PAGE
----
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  • L Misthos and S Pettigrove

Senate to review 'Bitcoin tax' bill

The Federal Government has introduced into Parliament the Treasury Laws Amendment (2022 Measures No. 4) Bill 2022 aimed at, among other things, clarifying the tax treatment of digital currencies and CBDCs.

This latest step follows, Australian Treasurer, Jim Chalmers's announcement in June that the Labour government planned to introduce new tax legislation into Parliament in response to El Salvador's decision to recognize Bitcoin as legal tender.

Following a short consultation conducted in September, the Government has now introduced the legislation incorporating the proposed changes and the bill has been referred to the Senate Economics Legislation Committee for review. It appears the draft bill itself is largely unchanged from the version that went out for consultation in September.

The proposed amendments are intended to ensure that Bitcoin, which has been recognized as legal tender in El Salvador, continues to be treated as a digital currency (and not foreign currency) under tax legislation. This means that tax payers will not be able to benefit from any preferential tax elections for foreign currency in relation to Bitcoin. Interestingly, the explanatory memorandum to the bill asserts the need for such a change in circumstances where Bitcoin might now be considered a form of money.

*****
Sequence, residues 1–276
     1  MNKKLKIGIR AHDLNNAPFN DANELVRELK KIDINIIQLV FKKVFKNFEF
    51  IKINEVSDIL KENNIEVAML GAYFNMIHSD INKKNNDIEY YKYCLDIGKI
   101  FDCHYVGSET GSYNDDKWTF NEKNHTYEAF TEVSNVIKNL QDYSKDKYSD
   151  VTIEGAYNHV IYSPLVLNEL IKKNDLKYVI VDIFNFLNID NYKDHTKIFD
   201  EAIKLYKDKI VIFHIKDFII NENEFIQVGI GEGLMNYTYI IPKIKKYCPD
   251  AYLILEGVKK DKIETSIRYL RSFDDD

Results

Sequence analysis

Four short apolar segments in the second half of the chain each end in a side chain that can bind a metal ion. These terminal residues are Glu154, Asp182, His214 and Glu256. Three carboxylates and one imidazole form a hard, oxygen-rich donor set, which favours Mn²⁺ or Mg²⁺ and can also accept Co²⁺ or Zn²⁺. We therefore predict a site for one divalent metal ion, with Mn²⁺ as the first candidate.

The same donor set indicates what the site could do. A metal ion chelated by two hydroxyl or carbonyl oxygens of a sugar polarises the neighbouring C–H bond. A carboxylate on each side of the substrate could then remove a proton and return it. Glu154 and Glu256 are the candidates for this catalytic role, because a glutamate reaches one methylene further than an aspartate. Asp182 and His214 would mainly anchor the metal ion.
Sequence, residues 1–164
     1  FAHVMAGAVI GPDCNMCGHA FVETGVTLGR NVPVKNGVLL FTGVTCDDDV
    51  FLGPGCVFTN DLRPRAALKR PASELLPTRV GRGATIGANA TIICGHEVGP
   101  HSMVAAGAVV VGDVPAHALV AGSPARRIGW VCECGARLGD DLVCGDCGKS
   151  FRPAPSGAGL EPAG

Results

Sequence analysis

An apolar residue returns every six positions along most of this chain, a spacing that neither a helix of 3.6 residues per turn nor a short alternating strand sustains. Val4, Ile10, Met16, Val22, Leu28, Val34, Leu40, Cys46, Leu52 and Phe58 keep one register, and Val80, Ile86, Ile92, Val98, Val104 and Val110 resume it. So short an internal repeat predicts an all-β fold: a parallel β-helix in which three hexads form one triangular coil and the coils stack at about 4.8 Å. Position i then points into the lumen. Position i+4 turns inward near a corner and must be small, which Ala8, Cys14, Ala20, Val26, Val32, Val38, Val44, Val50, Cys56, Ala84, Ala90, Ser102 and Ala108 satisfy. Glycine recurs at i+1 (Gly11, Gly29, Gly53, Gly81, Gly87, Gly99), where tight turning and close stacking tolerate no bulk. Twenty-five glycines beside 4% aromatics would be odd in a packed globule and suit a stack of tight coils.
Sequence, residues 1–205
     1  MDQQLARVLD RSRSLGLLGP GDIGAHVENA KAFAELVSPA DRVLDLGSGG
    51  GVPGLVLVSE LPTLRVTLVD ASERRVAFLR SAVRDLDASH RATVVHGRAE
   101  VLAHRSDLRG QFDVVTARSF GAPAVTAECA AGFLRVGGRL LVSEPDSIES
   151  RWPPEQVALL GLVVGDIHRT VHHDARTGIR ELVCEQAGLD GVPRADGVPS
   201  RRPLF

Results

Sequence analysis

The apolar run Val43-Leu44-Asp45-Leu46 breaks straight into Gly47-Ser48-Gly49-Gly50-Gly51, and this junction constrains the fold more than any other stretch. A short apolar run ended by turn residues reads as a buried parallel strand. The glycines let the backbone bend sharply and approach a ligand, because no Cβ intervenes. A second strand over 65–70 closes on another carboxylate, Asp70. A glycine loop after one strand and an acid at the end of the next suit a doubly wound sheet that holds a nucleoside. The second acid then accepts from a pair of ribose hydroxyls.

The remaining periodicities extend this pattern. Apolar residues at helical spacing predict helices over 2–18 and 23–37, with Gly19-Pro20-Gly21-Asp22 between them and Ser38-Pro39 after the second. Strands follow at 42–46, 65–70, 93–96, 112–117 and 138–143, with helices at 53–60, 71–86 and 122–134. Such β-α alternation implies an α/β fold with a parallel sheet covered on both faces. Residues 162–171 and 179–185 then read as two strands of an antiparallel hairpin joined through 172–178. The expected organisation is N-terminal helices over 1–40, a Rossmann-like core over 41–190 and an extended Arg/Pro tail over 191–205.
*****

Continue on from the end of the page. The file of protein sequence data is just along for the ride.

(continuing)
A less well published aspect of the bill is the Government's decision to exclude CBDCs from the definition of digital currencies. As a consequence of this change, CBDCs issued by foreign governments will be considered a form of foreign currency, whereas private digital currencies and stablecoins will not be.

The stated intention of the new bill is to preserve the existing tax treatment of Bitcoin for the 2022 financial year given a potential risk to government revenue. This is underlined by the retrospective nature of the bill.

The Government's decision to move ahead with the 'Bitcoin tax' bill is perhaps precipitous in circumstances where the Board of Taxation's broader review of the tax treatment of digital assets and transactions remains pending. The Government's narrow policy objective reflects a perception that digital currencies remain a form of speculative investment. It is perhaps a missed opportunity to consider the emerging use and promotion of digital currencies, including stablecoins, as a means of payment in the digital economy.


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